David Shields, independent energy consultant based in Mexico City: Mexico’s energy industry is going through a delicate period in which politics and nationalist ideology are being given priority over business and competitive energy markets. This is clear in the day-to-day discourse of President Andrés Manuel López Obrador, who has a discouraging message for investors almost every time he speaks on the subject. He never misses and opportunity to berate ‘neoliberalism’ and recent open-market energy reforms, and he has put oil bidding rounds and electricity auctions on hold. Tenders for key projects, such as major transmission lines, have been canceled at the same time as he tries to halt deterioration at the state-run energy companies. The president’s attempts to undermine and control the energy regulators are part of this picture. His harassment of García Alcocer is a personal vendetta, because García Alcocer refused to resign from his position and has criticized new energy policy and, in particular, the candidates being proposed as future commissioners at the CRE, who lack experience in electricity and in complex energy markets. Accusations against García Alcocer are mostly aimed at family members and are very minor. This has caused outrage as no action has been taken against people suspected of major corruption at Pemex in recent years. AMLO’s economic advisors publicly assure that private investment in energy remains welcome and that bidding rounds and auctions will resume soon, once results and procedures have been reviewed. But it is the president himself who is running this show, and he has no reassuring words at all.
Gonzalo Monroy, managing director of GMEC in Mexico City: President Andrés Manuel López Obrador’s decision to criticize and ostracize CRE President Guillermo García Alcocer is an escalation of the overall capture of all regulators and entities of the government to consolidate political power.
A budget cut for the CRE in 2019, which led to the dismissal of more than 250 temporary and career employees at the regulator, preceded AMLO’s decision. With the resignation of three commissioners, and another whose term expired, the CRE has become nullified, as it does not have a quorum to proceed. As such, permits have become an issue for existing and potential players in the market.
One of the most worrying signals about the decision to diminish the role of the CRE is that the whole notion of a fair, level playing field for all participants in the energy sector is at risk. The narrative that AMLO and his officials push is not to encourage market participation but rather to strengthen the importance, role and participation of stateowned entities, be they CFE or Pemex. It is fair to say that AMLO sees the regulator not as a guardian of the public interest, but rather as an obstacle to the state-owned companies’ market preeminence.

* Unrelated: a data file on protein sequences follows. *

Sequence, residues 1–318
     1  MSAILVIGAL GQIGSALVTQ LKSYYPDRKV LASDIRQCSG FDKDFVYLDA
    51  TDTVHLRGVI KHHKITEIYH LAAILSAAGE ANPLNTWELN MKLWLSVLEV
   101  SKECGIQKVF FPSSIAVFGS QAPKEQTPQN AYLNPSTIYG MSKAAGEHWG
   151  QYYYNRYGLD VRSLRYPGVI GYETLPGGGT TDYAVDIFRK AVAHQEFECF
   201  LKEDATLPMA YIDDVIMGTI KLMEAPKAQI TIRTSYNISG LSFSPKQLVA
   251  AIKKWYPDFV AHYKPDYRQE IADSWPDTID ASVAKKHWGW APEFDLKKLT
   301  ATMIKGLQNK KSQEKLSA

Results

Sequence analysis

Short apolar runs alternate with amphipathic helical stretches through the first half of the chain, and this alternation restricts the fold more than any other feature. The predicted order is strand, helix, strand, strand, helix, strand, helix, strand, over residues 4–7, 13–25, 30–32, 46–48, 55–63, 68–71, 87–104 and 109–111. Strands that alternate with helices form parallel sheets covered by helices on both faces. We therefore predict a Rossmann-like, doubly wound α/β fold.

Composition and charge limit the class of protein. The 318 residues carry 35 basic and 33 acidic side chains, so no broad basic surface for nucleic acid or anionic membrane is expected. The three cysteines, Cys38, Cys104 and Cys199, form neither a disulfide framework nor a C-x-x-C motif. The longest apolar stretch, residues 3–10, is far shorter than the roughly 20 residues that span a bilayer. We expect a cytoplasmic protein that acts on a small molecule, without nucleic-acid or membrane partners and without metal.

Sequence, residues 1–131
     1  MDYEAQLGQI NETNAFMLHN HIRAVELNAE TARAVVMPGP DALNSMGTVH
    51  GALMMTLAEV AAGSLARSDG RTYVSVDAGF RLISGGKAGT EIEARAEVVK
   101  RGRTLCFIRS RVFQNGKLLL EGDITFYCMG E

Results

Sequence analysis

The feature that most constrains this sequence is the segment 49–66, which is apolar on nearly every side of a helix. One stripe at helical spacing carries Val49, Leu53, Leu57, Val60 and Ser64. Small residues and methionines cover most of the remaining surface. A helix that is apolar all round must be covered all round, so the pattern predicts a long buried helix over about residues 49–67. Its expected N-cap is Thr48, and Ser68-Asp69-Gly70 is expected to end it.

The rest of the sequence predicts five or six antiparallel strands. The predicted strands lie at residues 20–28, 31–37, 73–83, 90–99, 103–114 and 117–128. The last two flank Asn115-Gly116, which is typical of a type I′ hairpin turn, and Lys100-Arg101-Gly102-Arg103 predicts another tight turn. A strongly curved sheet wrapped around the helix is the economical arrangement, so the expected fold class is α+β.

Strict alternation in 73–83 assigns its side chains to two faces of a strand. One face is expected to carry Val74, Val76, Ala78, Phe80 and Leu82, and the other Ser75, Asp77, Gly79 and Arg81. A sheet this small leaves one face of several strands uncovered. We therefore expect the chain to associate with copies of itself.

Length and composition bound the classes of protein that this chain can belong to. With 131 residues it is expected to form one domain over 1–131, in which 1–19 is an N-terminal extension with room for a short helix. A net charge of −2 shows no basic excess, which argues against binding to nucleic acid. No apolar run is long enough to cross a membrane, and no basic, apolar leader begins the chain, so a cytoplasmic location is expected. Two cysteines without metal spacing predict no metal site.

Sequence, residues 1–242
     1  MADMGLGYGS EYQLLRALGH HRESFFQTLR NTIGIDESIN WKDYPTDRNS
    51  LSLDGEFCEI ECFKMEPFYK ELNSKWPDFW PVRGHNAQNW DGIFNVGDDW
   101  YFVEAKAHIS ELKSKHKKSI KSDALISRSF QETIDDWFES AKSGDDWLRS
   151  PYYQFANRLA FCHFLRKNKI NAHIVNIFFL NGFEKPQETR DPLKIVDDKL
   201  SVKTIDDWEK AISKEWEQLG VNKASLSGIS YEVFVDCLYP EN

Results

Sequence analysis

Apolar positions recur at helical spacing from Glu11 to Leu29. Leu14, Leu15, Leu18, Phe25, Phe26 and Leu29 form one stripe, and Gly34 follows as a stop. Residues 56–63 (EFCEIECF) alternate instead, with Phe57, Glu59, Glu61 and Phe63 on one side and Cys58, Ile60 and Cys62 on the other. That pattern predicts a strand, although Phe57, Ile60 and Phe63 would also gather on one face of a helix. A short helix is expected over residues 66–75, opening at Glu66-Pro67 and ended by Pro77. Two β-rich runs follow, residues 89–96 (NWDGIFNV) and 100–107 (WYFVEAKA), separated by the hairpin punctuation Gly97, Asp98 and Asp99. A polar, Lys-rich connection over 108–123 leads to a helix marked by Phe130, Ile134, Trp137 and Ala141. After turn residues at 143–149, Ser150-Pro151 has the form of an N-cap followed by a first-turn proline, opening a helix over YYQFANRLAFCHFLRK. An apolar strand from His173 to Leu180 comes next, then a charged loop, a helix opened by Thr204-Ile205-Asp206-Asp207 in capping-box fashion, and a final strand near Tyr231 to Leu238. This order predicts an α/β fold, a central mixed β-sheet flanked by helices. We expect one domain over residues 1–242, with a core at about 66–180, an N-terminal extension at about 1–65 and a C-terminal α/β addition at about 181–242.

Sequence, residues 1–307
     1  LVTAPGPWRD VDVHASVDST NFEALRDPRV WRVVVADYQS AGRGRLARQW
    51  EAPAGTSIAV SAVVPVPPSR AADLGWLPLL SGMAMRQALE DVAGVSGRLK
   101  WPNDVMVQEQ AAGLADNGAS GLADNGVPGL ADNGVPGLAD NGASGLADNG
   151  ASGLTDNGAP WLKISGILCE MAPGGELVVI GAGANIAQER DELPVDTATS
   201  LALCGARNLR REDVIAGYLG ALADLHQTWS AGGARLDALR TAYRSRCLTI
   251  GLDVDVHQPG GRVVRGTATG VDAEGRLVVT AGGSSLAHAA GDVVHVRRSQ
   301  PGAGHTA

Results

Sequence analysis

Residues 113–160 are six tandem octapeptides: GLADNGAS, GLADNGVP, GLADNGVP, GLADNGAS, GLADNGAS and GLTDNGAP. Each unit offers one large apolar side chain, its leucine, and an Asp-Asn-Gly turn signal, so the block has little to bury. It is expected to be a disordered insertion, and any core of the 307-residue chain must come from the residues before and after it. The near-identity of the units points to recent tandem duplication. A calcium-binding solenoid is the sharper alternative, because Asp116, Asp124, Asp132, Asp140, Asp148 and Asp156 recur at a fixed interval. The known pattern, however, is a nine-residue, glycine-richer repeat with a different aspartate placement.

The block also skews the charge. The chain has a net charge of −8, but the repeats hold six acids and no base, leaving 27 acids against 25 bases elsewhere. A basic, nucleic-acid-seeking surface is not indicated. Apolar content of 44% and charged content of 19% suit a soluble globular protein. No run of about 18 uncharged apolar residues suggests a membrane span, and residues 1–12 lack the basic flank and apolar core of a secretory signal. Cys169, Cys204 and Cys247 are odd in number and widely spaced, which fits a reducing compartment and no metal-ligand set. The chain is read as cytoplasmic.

Dwight Dyer, independent consultant on political, regulatory and security risk for Mexico’s energy sector: The confrontation between president López Obrador and CRE President Guillermo García Alcocer actualized to near certainty a serious political risk for private sector companies in the Mexican energy industry. The consequences of this episode branch out into the institutional, legal and business arenas. García Alcocer’s statement regarding the inadequate balance in substantive specialization of López Obrador’s candidates for CRE commissioners—heavy on hydrocarbons, lacking on electricity—was pertinent on technical grounds and politically innocuous. The vehemence with which the administration launched administrative and tax-related investigations into García Alcocer’s purported conflict of interest revealed the president’s instinctive intolerance of regulatory agencies’ institutional autonomy. When the Senate confirms López Obrador’s evidently inapt candidates, CRE’s executive board will suffer from poor technical expertise and acute political bias, most likely leading to contentious, divided decisions. One can only hope that García Alcocer can convince new commissioners to guarantee regulatory support for competitive energy markets. Should the new commissioners band together, CRE’s decisions may end running counter to current legislation.
Private-sector companies would then be able to challenge them in the courts. The opportunities for building a world-class energy industry are still there, but progress will require patience and true grit. Energy companies are no strangers to political risk, yet Mexico had made strides to mitigate it. Alas, no longer.